Standards for smart driving on the way

Intelligent connected vehicle technology development road map to be released next month 
China is about to unfold its road map for intelligent connected vehicle development, in the expectation of regulating and standardizing the burgeoning sector, and helping local car makers and related companies head forward speedily. 
The Ministry of Industry and Information Technology plans to release an intelligent connected vehicle technology development guidelines next month, a leading official from the minstry said at the Forum on Integration of Auto Industry and Information Communication Technology on Wednesday.
The ministry is also drafting a production standards framework and a committee of experts is being prepared to research and establish the standards for the technology, intelligent assistant, and information security for intelligent connected vehicles, said She Weizhen, director of the equipment industry division at the ministry.
"An immense evolution is coming, we should accelerate developing the technology and transform the industry from big to strong," she said.
Industry insiders say intelligent connected vehicles will have to be able to react on time to changing situations, which involves a vehicle autonomously collecting information via its sensors, rapidly processing it and then issuing instructions for it to act on.
Vehicles will also communicate with the transportation infrastructure to help the car understand the traffic situation and aid traffic control, and China plans to carry out a pilot program in the near future.
"The road map and policies will unify the market and regulate the related sectors," said Zhang Junyi, a partner at Roland Berger Strategy Consultants. "We will see standards with Chinese characteristics, as China won't simply copy those of overseas, and the country will have its say in the global industry."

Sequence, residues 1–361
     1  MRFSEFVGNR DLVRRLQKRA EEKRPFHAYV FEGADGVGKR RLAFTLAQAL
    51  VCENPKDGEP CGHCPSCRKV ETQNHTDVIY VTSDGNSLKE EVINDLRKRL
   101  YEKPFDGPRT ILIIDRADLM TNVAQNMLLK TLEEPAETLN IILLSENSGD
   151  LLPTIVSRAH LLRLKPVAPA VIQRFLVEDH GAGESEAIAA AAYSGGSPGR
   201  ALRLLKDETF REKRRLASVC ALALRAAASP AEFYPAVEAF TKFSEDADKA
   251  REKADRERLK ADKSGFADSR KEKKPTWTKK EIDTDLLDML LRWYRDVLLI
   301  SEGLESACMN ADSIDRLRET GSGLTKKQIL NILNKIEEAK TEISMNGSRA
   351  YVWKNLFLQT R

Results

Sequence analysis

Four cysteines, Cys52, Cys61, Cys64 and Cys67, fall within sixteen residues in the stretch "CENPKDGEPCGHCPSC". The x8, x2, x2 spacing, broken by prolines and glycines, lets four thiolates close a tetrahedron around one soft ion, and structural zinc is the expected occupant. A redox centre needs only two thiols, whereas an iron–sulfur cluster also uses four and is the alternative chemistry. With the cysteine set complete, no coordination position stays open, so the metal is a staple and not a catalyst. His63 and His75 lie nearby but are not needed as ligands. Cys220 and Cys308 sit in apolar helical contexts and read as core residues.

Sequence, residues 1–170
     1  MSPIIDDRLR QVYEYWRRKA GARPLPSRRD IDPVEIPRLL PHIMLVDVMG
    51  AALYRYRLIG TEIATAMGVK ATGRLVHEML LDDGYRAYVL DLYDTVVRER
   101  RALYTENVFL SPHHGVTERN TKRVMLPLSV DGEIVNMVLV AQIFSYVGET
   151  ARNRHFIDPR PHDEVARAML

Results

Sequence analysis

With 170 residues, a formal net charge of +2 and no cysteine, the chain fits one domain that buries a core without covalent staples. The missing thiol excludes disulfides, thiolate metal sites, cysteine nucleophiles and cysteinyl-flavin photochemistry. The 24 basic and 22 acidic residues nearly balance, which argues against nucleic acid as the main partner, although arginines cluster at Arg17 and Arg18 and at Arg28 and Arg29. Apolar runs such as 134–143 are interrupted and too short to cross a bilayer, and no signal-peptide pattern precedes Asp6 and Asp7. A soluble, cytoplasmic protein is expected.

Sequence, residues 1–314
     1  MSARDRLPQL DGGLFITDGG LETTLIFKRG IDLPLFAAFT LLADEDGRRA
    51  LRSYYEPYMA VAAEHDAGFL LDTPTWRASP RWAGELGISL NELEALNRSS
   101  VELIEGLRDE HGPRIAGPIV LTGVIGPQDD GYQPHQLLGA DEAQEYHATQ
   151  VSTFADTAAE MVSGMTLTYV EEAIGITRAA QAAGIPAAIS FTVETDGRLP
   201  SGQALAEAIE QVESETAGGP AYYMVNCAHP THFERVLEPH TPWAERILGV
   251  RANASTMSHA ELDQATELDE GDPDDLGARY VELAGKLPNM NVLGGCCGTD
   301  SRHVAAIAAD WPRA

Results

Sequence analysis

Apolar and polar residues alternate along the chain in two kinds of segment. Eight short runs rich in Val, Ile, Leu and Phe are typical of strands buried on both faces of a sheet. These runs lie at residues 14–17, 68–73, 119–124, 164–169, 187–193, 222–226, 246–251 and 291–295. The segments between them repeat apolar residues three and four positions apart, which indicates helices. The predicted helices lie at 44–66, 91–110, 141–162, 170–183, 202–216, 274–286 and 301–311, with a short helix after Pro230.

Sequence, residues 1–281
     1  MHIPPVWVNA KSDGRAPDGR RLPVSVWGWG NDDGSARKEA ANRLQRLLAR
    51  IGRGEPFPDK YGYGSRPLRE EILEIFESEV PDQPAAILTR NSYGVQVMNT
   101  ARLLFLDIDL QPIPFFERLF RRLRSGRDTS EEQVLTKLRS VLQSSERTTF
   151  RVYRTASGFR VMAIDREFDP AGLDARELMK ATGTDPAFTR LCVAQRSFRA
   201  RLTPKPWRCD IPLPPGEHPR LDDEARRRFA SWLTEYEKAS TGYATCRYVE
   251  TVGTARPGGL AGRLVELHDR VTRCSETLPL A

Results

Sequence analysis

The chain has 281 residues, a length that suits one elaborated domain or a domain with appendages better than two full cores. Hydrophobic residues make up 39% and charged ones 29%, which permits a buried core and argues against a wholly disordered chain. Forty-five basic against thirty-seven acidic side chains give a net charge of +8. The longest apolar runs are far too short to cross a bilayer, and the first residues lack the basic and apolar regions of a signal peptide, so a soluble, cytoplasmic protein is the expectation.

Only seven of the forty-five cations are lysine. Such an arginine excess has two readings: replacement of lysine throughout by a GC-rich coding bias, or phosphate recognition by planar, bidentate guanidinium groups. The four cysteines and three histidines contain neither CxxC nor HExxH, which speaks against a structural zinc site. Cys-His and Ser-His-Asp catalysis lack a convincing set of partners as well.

"The standards may cover vast areas from the definition and design of an intelligent connected car, to the testing and applications," Zhang added.
He said the ministry's actions will support the development of Chinese automakers, as there won't be any grey areas left hindering investors' decision-making.
Currently, Chinese companies have not mastered the core technologies in automotive radar and sensors and the related parts, the majority of the parts and industrial solutions come from European and United States technology companies.
In terms of volume, Robert Bosch GmbH is leading the practical and critical parts sector toward future intelligent mobility, including driving assistance, high-speed adaptive cruise control assistance, and emergency hard braking, according to the German company.
The State Council last year released its "Made-in-China 2025" strategy stating intelligent connected cars are one of the focus industries, and MIIT has been strengthening the top-level design since then.
China Intelligent Transportation Systems Association's president Wu Zhongze sees the development of the intelligent connected car as a way to alleviate the problems of climate change, traffic congestion, and road safety, and he sees it as an inevitable trend in the development of the automobile industry.
After growth in China's auto market-the world's largest-slowed, international car makers have exerted themselves to try and catch the eye's of Chinese customers', especially through the demonstration of vehicle intelligence. The technologies give halo effects to the brands, though they may not be available yet in a brand's mass-produced models, and the Chinese automakers are following the trend.
Chongqing Changan Automobile Co's autonomous driving car travelled about 2,000 kilometers from Chongqing to Beijing in April, and weeks later, LeEco Holdings Ltd unveiled its concept supercar LeSee and demonstrated automatic driving at low speeds and autonomous parking to the media.
One of the nation's leading internet companies Baidu Inc has been working with BMW to expand into the sector based on its mapping data and services, and the two companies conducted their first road test of an autonomous driving car in December.
Ministries are also drafting regulations on the testing of intelligent connected vehicles on public roads, allowing only those products in line with the regulation to conduct highway tests.
An enclosed environment has been created for non-highway tests. The National Intelligent Connected Vehicle Testing Demonstration Base was opened in Shanghai in June, and the national-level base is expected to facilitate research and development, standards studies and policy formulation, besides testing the technology.
"The current road tests were rolled out in the circumstances of no testing rules at all. It is a necessity for the industry to have standards for all to adhere to," Zhang said.
MIIT has progressively participated in the related global regulations and standards being established through the United Nations Forum for Harmonization of Vehicle Regulations, and the Automotive Branch of the China Standardization Association and ministries have held international forums to discuss the standards and regulations on intelligent connected vehicle technology this year and last year.

Source:China Daily

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